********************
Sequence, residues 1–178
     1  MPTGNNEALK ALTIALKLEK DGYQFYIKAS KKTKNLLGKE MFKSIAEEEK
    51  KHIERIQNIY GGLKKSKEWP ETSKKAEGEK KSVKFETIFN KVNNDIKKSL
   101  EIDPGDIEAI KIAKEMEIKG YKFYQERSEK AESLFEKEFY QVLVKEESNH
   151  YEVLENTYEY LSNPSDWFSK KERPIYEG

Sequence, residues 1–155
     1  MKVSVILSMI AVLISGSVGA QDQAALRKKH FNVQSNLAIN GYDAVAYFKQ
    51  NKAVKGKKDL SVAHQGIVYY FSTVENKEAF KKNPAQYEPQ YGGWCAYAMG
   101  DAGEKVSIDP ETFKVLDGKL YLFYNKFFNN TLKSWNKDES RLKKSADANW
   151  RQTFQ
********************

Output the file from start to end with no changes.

Sequence, residues 1–178
     1  MPTGNNEALK ALTIALKLEK DGYQFYIKAS KKTKNLLGKE MFKSIAEEEK
    51  KHIERIQNIY GGLKKSKEWP ETSKKAEGEK KSVKFETIFN KVNNDIKKSL
   101  EIDPGDIEAI KIAKEMEIKG YKFYQERSEK AESLFEKEFY QVLVKEESNH
   151  YEVLENTYEY LSNPSDWFSK KERPIYEG

Sequence, residues 1–155
     1  MKVSVILSMI AVLISGSVGA QDQAALRKKH FNVQSNLAIN GYDAVAYFKQ
    51  NKAVKGKKDL SVAHQGIVYY FSTVENKEAF KKNPAQYEPQ YGGWCAYAMG
   101  DAGEKVSIDP ETFKVLDGKL YLFYNKFFNN TLKSWNKDES RLKKSADANW
   151  RQTFQ